It's no surprise that many people use video games to have fun and connect with players around the world. Chances are, you know a gamer and recognize their focus and passion—even if you don't quite understand it. But gaming took a big turn to competitive play about 10 years ago, creating a booming industry worth billions of dollars and millions of viewers: eSports.
If you're thinking big brand sponsors, celebrity endorsements, and brackets, you're right. And just like traditional sports, colleges have entered the arena offering scholarships, team building, and career pathways into this massive industry.
That's why SPSCC is thrilled to join the world of competitive gaming with its newest team: Clipper eSports. And this fall, the competition begins as student recruits, led by eSports head coach Michael Nguyen, compete in video games such as League of Legends, Valorant, Overwatch, Halo, and more. Students who are passionate about video games or looking for the chance to get involved in the eSports industry are invited to join.
“Now is the best time for eSports in terms of it being viable for students to get into it as a career or profession,” said Coach Nguyen.
Leveling Up Skills
Clipper eSports is committed to helping players build a strong foundation of skills. Practice is tailored to the game the player is interested in. For example, players competing in first-person shooter games (a weapon-based combat genre) might focus on improving their hand-eye coordination, reaction time, tracking, and strengthening their muscle memory through aim training.
In addition to practice, Clipper eSports will bring in professional players and coaches who specialize in specific video game titles. While these practical skills are important for winning matches, Coach Nguyen also hopes to help players realize all the other aspects that go into eSports such as health and confidence.
“You can play 24 hours a day, but if you neglect your health and other areas of your life, that’s going to limit your growth. I want to focus on health, both the physical and mental wellbeing of the players,” he said. “If you’re regularly exercising, you have more energy in the long run and you feel more confident about yourself. That translates directly into how you play. There’s obviously skill and experience involved, but there’s also confidence.”
Another skill Clipper eSports players will develop is how to build their own brand and social media presence. Because the eSports industry is still new, the path to the professional scene isn’t as straightforward. Many of the players currently involved in eSports have created opportunities for themselves by climbing the leaderboards of games and livestreaming. When they catch the attention of professional teams and organizations, their careers are taken to the next level.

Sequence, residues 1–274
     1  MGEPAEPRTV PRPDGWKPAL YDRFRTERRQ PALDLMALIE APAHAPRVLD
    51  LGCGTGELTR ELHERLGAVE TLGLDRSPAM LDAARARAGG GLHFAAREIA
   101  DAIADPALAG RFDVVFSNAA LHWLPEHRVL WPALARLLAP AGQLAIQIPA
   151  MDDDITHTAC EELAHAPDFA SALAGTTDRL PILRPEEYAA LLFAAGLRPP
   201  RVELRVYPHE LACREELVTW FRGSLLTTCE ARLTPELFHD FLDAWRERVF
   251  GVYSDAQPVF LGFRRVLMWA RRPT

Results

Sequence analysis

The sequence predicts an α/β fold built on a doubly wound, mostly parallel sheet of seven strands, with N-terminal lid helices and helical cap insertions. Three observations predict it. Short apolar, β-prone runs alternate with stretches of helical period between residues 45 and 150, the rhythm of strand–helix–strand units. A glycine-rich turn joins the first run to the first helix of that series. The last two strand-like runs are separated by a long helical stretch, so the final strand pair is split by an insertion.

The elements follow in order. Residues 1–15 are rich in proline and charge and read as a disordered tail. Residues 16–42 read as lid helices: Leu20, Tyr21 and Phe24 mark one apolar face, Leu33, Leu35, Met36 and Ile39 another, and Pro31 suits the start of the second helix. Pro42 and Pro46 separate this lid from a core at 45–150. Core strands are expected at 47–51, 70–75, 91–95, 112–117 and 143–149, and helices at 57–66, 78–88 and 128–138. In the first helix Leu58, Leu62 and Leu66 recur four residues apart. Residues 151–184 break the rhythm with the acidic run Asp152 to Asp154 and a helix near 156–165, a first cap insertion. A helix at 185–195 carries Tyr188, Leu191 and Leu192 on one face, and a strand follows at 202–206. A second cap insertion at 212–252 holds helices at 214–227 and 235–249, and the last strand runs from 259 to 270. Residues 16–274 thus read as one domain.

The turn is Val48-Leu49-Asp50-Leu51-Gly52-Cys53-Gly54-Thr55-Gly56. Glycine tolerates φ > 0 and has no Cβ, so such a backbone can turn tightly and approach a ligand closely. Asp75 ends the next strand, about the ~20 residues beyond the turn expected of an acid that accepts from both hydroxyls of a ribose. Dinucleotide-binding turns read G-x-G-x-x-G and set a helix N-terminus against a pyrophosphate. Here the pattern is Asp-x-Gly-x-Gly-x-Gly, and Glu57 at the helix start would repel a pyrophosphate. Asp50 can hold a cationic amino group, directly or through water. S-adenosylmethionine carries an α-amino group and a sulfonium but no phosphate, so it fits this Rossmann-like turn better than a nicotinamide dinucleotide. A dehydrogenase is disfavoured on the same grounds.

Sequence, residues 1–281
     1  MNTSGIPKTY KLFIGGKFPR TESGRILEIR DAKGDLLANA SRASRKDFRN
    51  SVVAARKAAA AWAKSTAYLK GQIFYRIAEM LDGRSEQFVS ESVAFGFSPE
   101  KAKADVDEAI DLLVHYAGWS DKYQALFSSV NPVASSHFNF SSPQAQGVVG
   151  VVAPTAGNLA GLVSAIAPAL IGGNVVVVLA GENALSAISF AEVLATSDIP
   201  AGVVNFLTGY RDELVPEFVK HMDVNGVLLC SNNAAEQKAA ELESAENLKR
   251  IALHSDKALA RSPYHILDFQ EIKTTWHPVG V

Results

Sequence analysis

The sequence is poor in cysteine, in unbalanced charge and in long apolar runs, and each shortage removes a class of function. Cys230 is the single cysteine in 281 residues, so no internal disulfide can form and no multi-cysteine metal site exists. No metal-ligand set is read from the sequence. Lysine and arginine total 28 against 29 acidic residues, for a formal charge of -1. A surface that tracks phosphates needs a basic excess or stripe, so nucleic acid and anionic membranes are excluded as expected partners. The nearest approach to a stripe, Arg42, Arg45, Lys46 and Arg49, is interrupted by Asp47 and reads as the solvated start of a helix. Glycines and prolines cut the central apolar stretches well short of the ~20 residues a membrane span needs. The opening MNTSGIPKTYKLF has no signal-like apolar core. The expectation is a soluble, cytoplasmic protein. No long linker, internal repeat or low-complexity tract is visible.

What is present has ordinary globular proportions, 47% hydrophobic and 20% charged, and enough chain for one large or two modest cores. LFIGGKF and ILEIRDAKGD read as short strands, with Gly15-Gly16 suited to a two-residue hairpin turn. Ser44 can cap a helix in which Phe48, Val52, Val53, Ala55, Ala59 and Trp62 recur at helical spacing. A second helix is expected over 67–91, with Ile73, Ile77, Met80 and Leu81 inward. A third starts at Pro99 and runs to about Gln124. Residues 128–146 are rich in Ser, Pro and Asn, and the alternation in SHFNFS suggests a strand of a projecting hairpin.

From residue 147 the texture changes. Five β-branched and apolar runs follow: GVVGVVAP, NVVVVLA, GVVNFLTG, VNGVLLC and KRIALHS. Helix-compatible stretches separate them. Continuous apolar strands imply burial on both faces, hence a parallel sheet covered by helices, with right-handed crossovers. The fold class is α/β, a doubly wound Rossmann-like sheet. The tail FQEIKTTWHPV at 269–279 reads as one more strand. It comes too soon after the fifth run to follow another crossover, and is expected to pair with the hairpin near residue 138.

“A big part of it is self-networking,” said Coach Nguyen. “With the eSports industry right now, there’s still a lot of self-work involved in getting connected to the right people. If I could just help them save some time, hopefully they can get on that launchpad and succeed.”
Strategizing for the Future
To go far in any competitive team sport, everyone needs to be on the same page. Coach Nguyen highlights the importance of interpersonal communication and team chemistry in eSports.
“You can get five talented players and put them on a team, but if they don’t have communication, chemistry, or don’t take the time to build trust and teamwork, then they will be beaten by a team with a lesser skill level easily.”
Like self-networking, communication is a skill players in Clipper eSports can take with them wherever they end up in the future.
Other than going pro, there are many other opportunities within the eSports industry. “If you’re interested in marketing, you can get your degree and some experience. Then you can look at your favorite game developers or companies and apply there,” said Coach Nguyen.
“There’s also a big need in the industry for experienced coaches to help younger players develop," he added. "In traditional sports, you have 18 to 30 year old players being trained by 50 to 70 year old coaches. Since gaming has a younger demographic and hasn’t been around as long, there just aren’t that many people qualified to coach. Students can definitely go down that route, as well.”
While competitive play kicks off this fall, middle and high school players can join an SPSCC eSports summer camp and begin to build collegiate-level skills. The college will also host camps for international students visiting the US in hopes of expanding recruitment and college pathways to an even wider, more diverse audience.
“At SPSCC, we’re looking to build a program that focuses on equity, diversity, and inclusion,” said Coach Nguyen. “We’re really looking to include everybody and introduce eSports as an opportunity anybody can pursue.”